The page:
(Reuters) - DowDuPont Inc (DWDP.N) said it expects higher raw material costs to hit all its units for the rest of the year even as an uptick in its agriculture business helped the U.S. chemicals producer beat Street estimates for the fourth straight quarter.
Shares of the company fell 3 percent to $66.11 in morning trade and were the biggest drag on the S&P 500 index .SPX at 1500 GMT.
“We see some discrete headwinds, most notably currency fluctuations, particularly in agriculture, and higher raw materials costs in all three divisions,” Chief Financial Officer Howard Ungerleider said.
Dow and DuPont completed their $130 billion merger last September to form DowDuPont. It will create three separately traded companies next year, splitting into companies that look at agriculture, plastics and specialty products.
On a conference call with analysts, CEO Ed Breen said trade tensions have increased volatility in agricultural commodity prices.
“U.S. soybean exports that normally go to China are simply being shifted to other countries.”
Last month, Washington imposed tariffs on $34 billion of Chinese imports. In return, China levied taxes on the same value of products from the United States, including soybeans and sorghum. Traders rushed shipments of U.S. soy to China before the tariff took effect on July 6.
However, the company, which has global operations and often sources materials locally, does not expect any tariff-related impact on overall business this year.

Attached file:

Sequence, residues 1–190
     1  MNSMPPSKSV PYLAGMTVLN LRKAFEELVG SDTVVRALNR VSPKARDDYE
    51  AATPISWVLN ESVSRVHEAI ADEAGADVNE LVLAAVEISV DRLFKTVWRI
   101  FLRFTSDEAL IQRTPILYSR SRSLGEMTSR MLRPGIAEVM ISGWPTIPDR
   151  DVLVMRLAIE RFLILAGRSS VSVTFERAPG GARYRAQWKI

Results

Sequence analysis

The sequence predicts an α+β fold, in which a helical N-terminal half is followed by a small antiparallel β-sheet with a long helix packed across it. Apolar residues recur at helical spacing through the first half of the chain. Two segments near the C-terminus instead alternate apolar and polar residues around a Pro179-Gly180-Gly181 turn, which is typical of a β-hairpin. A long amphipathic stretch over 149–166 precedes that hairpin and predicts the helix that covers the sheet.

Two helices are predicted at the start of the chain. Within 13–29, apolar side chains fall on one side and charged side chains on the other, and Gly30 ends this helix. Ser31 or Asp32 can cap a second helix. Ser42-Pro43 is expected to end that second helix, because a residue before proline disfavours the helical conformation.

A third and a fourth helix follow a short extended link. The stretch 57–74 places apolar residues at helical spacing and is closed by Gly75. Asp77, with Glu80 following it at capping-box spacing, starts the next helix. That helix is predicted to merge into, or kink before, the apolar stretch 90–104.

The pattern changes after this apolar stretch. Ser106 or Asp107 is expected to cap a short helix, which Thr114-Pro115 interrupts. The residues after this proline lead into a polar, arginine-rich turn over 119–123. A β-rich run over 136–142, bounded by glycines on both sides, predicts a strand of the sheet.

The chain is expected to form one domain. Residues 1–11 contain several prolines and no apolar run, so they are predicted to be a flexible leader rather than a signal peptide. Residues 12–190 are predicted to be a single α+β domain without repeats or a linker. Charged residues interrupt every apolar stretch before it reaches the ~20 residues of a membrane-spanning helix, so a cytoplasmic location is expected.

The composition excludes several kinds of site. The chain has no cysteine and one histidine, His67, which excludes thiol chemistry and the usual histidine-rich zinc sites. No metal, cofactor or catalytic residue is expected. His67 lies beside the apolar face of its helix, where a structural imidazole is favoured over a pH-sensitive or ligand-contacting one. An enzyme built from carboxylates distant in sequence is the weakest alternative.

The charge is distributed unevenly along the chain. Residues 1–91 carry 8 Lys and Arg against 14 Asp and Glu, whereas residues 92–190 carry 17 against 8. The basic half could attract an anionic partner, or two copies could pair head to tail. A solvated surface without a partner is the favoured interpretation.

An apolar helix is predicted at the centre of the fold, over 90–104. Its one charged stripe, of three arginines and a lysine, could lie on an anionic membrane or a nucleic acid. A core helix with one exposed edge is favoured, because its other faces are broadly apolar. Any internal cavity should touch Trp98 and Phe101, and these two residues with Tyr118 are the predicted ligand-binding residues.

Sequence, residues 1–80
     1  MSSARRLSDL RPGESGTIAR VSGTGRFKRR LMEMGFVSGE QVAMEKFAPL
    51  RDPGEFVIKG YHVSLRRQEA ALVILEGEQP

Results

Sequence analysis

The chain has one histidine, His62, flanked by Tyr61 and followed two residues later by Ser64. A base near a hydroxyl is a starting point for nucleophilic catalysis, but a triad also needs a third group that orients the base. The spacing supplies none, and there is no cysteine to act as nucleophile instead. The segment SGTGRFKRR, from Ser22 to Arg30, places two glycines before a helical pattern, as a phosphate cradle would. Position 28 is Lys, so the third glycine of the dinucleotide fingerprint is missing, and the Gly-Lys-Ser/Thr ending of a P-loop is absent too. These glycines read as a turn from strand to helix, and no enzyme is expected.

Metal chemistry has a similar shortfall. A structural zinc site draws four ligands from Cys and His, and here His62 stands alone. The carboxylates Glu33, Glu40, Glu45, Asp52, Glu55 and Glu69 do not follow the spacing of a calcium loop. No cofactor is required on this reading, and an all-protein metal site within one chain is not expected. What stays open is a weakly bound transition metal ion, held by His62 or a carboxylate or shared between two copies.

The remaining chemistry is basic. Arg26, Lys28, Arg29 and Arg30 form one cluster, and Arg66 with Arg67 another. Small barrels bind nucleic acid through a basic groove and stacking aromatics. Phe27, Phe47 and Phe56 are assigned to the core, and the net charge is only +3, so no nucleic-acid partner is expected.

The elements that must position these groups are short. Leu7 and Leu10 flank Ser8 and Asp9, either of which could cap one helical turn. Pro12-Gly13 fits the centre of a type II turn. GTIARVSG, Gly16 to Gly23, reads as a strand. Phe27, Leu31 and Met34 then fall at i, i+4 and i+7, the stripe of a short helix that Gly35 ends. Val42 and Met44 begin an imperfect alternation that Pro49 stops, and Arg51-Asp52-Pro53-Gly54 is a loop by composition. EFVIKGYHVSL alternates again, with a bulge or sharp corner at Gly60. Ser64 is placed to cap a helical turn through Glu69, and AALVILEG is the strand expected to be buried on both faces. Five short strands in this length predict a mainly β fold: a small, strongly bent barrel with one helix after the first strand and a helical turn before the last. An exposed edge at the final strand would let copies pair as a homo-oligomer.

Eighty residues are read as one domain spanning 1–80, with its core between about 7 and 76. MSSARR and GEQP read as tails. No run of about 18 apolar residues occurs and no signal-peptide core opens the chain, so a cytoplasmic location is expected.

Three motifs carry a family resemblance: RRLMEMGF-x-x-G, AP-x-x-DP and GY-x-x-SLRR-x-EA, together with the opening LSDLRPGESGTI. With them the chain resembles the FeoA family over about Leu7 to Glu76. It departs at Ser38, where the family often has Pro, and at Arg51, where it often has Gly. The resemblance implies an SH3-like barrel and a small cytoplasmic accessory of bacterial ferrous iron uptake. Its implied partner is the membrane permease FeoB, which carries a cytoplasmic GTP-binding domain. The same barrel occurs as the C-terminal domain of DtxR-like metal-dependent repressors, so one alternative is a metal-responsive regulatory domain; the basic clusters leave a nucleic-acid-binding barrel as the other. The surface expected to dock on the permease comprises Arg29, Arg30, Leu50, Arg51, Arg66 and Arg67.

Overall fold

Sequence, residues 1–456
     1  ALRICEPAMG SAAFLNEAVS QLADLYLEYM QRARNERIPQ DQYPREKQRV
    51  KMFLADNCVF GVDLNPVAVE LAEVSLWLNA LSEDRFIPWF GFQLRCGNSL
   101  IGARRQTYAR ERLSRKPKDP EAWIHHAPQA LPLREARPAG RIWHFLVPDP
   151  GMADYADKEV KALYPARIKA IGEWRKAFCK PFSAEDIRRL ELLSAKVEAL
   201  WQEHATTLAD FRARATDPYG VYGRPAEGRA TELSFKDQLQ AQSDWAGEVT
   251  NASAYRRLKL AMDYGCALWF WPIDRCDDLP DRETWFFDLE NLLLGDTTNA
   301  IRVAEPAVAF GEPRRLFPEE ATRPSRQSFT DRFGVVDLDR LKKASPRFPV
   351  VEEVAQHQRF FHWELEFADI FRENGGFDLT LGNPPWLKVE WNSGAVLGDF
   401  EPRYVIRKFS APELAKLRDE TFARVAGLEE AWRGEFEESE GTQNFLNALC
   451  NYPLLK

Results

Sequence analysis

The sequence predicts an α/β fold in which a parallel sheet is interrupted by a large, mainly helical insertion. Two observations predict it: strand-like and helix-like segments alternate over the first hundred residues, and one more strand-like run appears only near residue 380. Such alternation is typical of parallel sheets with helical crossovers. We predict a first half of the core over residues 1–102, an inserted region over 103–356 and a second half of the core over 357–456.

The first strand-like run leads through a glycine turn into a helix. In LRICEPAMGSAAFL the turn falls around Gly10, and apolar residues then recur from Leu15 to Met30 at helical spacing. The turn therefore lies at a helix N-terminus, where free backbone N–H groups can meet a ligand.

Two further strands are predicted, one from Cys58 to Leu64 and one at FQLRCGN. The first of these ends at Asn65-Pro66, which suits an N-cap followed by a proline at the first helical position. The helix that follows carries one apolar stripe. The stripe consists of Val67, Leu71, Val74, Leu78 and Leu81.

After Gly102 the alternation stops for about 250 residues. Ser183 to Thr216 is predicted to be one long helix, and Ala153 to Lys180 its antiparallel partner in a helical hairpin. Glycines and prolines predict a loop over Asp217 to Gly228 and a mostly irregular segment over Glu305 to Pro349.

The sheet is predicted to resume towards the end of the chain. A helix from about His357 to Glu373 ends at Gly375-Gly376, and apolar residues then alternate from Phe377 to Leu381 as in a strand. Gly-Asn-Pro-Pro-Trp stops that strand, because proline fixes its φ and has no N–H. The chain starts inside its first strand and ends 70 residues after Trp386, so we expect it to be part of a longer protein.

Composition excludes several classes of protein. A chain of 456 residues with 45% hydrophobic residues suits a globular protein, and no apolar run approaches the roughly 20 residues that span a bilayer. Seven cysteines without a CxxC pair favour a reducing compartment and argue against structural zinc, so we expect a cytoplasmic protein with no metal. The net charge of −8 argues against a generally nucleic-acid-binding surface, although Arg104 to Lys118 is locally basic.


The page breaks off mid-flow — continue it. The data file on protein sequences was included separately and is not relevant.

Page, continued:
Total sales from the company’s biggest revenue generator, the materials science business which makes chemicals used in cosmetics, packaging material, and brake fluids, rose 18 percent to $12.6 billion for the second quarter.
Sales from its agricultural business rose 25 percent to $5.7 billion. Cold weather in the northern hemisphere moved demand for the company’s seeds from April to May.
The agriculture unit, a weak spot in earlier quarters, has struggled due to an industry wide grains glut that led to slowing demand.
The company said overall prices rose 4 percent in the quarter, including a 5 percent increase in materials science business and a 4 percent price rise in agriculture.
Net sales rose 17 percent to $24.2 billion, which the company said compares with net sales of $20.7 billion that DowDuPont would have made had it been one company in the same quarter a year earlier.
Adjusted earnings came in at $1.37 per share, above analysts expectations of $1.30 per share, according to Thomson Reuters I/B/E/S.
Reporting by Laharee Chatterjee and Nivedita Bhattacharjee in Bengaluru; Editing by Supriya Kurane